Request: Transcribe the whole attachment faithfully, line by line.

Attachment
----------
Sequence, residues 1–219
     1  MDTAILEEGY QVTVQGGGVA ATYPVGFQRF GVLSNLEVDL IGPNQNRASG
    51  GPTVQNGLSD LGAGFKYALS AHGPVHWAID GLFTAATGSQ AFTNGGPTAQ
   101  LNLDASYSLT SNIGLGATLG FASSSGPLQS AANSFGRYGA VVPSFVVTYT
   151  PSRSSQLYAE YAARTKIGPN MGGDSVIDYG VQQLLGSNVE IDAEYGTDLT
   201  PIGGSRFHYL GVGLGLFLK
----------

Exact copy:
Sequence, residues 1–219
     1  MDTAILEEGY QVTVQGGGVA ATYPVGFQRF GVLSNLEVDL IGPNQNRASG
    51  GPTVQNGLSD LGAGFKYALS AHGPVHWAID GLFTAATGSQ AFTNGGPTAQ
   101  LNLDASYSLT SNIGLGATLG FASSSGPLQS AANSFGRYGA VVPSFVVTYT
   151  PSRSSQLYAE YAARTKIGPN MGGDSVIDYG VQQLLGSNVE IDAEYGTDLT
   201  PIGGSRFHYL GVGLGLFLK